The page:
However, the idea of tutors/teachers also engaging in the something like the process we ask our student to do seems to me to be fundamentally sound. So, I decided I should take the idea seriously if belatedly and do a proper self-appraisal.

The first question is: What am I appraising? If I were to appraise my development as a therapist over the past year, I wouldn’t have much to say, because I haven’t seen a client since last June. I have treated the past year as I did my two foreign sabbaticals (England & Canada), during which I took a sabbatical from doing therapy also. In retrospect, this was useful, and kept me from burning out as a therapist. Now, however, it is time for me to get back to seeing clients, and I am looking forward to doing so in a few weeks, when we start seeing clients through the research clinic.

But what I am really interested in appraising is my work as a therapy/counselling trainer, since that’s much of what I’ve been doing since I arrived last September, and also that is what is most relevant to the Diploma course. So: What are my current strengths and weaknesses as a trainer? How have I progressed? What do I need to work on in order to be a better trainer?

My Strengths as a Trainer:

1. It is great to be able to draw on years of experience with clients and students, without being cynical or jaded, or too full of myself. When it comes to training, I’ve been thinking about training issues for a long time, and quite systematically for more than 10 years.
2. I genuinely like my students, and take pleasure their varied life experiences and interests.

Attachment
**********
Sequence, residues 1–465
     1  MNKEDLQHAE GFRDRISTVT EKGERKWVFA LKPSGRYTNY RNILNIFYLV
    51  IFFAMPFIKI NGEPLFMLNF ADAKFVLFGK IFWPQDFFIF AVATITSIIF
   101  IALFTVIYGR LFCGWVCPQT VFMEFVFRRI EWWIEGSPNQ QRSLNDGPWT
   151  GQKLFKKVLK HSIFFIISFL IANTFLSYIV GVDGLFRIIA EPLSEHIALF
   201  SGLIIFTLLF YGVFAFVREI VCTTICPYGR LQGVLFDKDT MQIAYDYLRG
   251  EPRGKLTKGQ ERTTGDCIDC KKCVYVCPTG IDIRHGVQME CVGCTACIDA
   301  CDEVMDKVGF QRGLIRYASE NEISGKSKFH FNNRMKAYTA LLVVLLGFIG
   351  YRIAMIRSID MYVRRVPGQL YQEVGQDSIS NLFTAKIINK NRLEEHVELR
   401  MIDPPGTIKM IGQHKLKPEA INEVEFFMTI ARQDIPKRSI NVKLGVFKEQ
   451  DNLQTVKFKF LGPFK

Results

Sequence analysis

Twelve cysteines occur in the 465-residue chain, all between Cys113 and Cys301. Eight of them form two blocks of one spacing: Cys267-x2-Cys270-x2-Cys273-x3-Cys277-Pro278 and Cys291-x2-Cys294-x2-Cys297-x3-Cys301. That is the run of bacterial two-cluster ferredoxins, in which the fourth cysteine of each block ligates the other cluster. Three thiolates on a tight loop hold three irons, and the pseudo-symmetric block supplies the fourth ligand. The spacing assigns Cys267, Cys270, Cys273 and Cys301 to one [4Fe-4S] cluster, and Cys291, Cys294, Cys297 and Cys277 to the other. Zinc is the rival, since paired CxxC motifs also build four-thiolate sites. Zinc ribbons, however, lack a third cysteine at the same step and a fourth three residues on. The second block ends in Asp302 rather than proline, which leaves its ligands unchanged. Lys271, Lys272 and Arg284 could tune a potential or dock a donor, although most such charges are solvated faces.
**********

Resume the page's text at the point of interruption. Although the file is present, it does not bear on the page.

3. I’ve found that gentle, often self-deprecating humor goes a long way toward helping students learn productively within their vulnerability. It also helps that I am genuinely enjoying what I do here!
4. What it comes down to for me is that I love the training process and find myself drawn to it as a way of giving myself.

My Weaknesses as a Trainer:
1. I consistently try to put too much into my presentations. While it is true that I fear boring people by dwelling on the obvious, I often err in the other direction, leaving my audience behind (which is boring for them also!). I’ve tried to follow the discipline – which I’ve seen most clearly in John McLeod’s presentations -- of presenting only as much information as I can get onto 2 sides of an A4 sheet. But I have found this quite difficult. There is some obsessive, show-offy bit in me that wants to keep squeezing more material in.
2. I have overloaded myself with so much activity here that it is difficult to balance everything. At times, this affects the quality of my presentations and other training work, as when I don’t allow myself enough time to prepare adequately or when I come in tired because I didn’t allow myself enough sleep.
3. I am aware of the importance of live, experiential elements in my presentations, but don’t always follow my own advice. For example, I played almost no video examples for the EFT-2 training, and my research inputs for the Diploma course were at times drier than they needed to be.
4. I feel somewhat insecure about my expertise as a therapist, which has made running the EFT Level 2 training this past year challenging for me, given that most of the therapists are highly experienced. I kept wondering, what do I have to offer these interested, talented people?

Progress this Year (also more weaknesses...):